What I was told, growing up, is that burning the blueberry bushes after they’ve given up their crop at the end of the season makes them healthier and set for new growth in the spring.

          Eating blueberries is one of my memories from lazy summers in Machais, Maine. The Machias I know conjures images of swimming in the lake, slamming porch doors, washing and polishing cars by hand, pie eating, walking barefoot, reading on the glider, doing puzzles.

          I had no idea it (or rather, its port) was the setting for the first naval battle in the Revolutionary War (if Wikipedia is to be believed!), during which the American patriots, inspired by what had just happened in Lexington and Concord, captured their first British ship.

          Cooking with blueberries is appropriate for this time of year, don’t you think?

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            Tomatillo Chicken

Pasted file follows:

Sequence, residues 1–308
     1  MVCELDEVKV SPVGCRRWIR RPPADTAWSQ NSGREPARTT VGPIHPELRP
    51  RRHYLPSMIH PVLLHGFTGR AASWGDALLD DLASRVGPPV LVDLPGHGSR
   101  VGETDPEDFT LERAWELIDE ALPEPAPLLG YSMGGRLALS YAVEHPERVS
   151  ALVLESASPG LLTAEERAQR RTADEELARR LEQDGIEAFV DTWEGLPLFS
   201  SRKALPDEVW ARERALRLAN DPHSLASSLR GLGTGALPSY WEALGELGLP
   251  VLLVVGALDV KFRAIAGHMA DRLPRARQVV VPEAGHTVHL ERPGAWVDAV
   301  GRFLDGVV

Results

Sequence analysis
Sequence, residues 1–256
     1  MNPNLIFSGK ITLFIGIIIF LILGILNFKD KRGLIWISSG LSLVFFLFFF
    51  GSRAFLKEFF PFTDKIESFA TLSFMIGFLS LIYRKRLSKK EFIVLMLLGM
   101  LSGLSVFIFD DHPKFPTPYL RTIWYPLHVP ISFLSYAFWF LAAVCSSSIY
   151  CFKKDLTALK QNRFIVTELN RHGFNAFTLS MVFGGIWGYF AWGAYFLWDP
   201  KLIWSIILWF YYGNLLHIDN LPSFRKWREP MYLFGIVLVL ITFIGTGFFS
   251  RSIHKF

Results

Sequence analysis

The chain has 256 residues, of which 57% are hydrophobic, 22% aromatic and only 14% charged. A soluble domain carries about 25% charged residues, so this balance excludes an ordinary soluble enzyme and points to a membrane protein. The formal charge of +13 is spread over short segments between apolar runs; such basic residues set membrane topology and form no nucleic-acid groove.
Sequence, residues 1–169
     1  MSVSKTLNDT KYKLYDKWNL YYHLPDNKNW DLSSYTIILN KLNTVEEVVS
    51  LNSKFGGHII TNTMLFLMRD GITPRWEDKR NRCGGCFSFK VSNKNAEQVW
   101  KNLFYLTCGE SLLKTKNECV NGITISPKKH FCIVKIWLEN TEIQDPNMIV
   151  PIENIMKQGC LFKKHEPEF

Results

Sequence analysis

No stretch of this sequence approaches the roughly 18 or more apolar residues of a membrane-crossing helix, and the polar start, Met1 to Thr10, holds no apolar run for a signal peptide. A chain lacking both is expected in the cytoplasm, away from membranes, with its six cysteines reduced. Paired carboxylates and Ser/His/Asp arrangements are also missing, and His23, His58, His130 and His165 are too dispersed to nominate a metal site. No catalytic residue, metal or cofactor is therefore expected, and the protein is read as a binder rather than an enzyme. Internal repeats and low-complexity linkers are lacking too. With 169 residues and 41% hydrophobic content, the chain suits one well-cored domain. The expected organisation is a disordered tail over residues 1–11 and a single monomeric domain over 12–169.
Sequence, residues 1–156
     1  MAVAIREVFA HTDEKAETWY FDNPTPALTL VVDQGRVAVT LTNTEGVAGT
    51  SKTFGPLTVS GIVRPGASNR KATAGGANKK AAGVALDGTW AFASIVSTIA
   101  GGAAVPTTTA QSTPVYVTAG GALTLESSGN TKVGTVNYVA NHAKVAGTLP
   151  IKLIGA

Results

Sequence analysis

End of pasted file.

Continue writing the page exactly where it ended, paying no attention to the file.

I love summertime at the farmers’ market. Yes, there are hordes of people. And yes, they waddle slowly from side to side and have a knack for stopping dead in their tracks just so that you can slam in to them. But still, I love the farmers’ market. Even in the summer.

            The usual reason for the crowds is the fruit. Candycots, pluots, peaches, nectarines, figs, berries, cherries, mmm. Crowd-pleasers for sure, but summer is also the start of tomatillo season and there are a couple of farmers here and there who’ll have a small box of these treasures at the market.

            bag of tomatillos

            Tomatillos are small, green fruits and are the basis for salsa verde. I grew up in Philadelphia, and I had no idea that salsa was anything other than that canned stuff they sold in the chip aisle until I was 20 years old. Sad, I know.

            I came across this recipe in some old recipe book that I can no longer remember the name of. Helpful, no? Anyway, the important thing is that this is the only recipe that I thought delicious enough to commit to memory from that entire book. What I love about it is that it’s a simple, fresh-tasting dish that’s great for weeknights. Every now and then I think I might roast the tomatillos and onions first, but then the laziness sets in and then I don’t. If any of you decide to do it, let me know how it turns out!

            Tomatillo Chicken Continue reading…